There are two types of versioning that we use. One that is visible to clients (public) and one that isn't (private). This comes from (what you already touched upon) whether clients are affected or not.
If clients are affect by, for example change in XSD Schema definitions or functionality of the WS changes in such way that clients must also modify their end, we change the public version. We increment the version number in WS context root, which means that it will have different URL than the previous version. Also make sure that the code archive, in our case they are war, have also the public version, as not to overwrite the previous deployment.
For example our WS called foo is in public version 2. Its URL is
http://ourserver:8000/foo_2 and war file is called foo_2. We modified our XSD Schema, so the clients must react to the change. We update the version and now URL is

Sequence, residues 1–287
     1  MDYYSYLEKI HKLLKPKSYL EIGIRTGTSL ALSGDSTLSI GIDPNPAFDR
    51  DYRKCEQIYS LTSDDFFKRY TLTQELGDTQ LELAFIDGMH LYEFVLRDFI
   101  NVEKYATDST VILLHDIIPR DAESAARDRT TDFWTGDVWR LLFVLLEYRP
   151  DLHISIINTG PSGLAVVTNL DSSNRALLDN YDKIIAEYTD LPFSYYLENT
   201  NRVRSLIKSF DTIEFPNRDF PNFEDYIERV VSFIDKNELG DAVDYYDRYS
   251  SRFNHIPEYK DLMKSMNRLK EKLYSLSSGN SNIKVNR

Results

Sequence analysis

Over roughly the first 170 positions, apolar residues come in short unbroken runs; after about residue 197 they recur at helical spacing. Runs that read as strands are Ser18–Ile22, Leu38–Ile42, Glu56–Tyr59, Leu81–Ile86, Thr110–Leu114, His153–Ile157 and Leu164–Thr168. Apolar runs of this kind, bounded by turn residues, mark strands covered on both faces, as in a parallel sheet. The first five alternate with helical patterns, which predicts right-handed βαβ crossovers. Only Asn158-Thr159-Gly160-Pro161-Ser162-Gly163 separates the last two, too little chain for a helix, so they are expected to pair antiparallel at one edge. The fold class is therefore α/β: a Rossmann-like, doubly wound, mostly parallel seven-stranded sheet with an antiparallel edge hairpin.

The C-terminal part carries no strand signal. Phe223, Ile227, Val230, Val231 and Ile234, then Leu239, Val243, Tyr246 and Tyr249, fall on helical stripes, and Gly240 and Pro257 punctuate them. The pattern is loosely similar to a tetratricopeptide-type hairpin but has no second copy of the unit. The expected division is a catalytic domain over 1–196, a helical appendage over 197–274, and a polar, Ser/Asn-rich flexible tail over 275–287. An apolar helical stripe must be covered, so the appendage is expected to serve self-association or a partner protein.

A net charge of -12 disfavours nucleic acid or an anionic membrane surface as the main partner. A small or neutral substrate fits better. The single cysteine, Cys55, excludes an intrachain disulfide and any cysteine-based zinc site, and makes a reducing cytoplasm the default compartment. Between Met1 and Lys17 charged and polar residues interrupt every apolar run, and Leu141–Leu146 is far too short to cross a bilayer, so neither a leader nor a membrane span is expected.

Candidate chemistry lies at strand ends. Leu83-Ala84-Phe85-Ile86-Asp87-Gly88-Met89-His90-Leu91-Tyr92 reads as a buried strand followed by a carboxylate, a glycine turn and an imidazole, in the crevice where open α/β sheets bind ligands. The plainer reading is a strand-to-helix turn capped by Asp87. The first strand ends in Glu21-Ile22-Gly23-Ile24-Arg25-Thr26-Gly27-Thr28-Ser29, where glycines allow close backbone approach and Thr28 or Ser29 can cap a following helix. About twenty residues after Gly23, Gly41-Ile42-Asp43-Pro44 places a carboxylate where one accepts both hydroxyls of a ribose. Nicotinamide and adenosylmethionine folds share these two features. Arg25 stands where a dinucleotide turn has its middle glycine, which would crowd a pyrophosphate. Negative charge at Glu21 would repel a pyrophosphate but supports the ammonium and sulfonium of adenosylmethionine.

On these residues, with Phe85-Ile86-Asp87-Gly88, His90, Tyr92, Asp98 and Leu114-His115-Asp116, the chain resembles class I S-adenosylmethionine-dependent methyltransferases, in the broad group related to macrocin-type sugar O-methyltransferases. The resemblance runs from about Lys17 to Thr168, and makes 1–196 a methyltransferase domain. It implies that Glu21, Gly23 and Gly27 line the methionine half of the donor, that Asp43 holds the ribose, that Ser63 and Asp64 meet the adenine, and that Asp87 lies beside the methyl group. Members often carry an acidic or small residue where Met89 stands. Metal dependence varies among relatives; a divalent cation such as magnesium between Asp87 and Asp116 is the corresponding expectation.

http://ourserver:8000/foo_3 and war file is called foo_3. The previous version still exists, while clients can slowly transition to the new version.
If the change does not force any action from clients, then we call this private versioning. This usually shows up, in combination with public version, as a part of a project name. Using previous example, we have a WS foo, with private version 5 and public 2. Our project for this service is called WS_foo_2_5. We now change the order in which we store incoming data. This does not effect the clients, so we change the private version. In effect we have project WS_foo_2_6. We create a code archive from it called foo_2 and deploy it with URL set to
http://ourserver:8000/foo_2. This way we modified the version, without changing anything from clients POV.